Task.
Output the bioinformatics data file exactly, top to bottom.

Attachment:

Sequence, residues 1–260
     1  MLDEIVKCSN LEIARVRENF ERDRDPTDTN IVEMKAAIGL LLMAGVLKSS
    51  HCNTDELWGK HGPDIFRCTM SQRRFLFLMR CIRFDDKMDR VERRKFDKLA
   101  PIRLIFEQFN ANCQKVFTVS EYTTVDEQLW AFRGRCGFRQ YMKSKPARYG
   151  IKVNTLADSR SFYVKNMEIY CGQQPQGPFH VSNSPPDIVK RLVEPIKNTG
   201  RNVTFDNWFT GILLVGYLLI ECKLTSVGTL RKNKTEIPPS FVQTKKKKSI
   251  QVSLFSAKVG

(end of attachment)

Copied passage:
Sequence, residues 1–260
     1  MLDEIVKCSN LEIARVRENF ERDRDPTDTN IVEMKAAIGL LLMAGVLKSS
    51  HCNTDELWGK HGPDIFRCTM SQRRFLFLMR CIRFDDKMDR VERRKFDKLA
   101  PIRLIFEQFN ANCQKVFTVS EYTTVDEQLW AFRGRCGFRQ YMKSKPARYG
   151  IKVNTLADSR SFYVKNMEIY CGQQPQGPFH VSNSPPDIVK RLVEPIKNTG
   201  RNVTFDNWFT GILLVGYLLI ECKLTSVGTL RKNKTEIPPS FVQTKKKKSI
   251  QVSLFSAKVG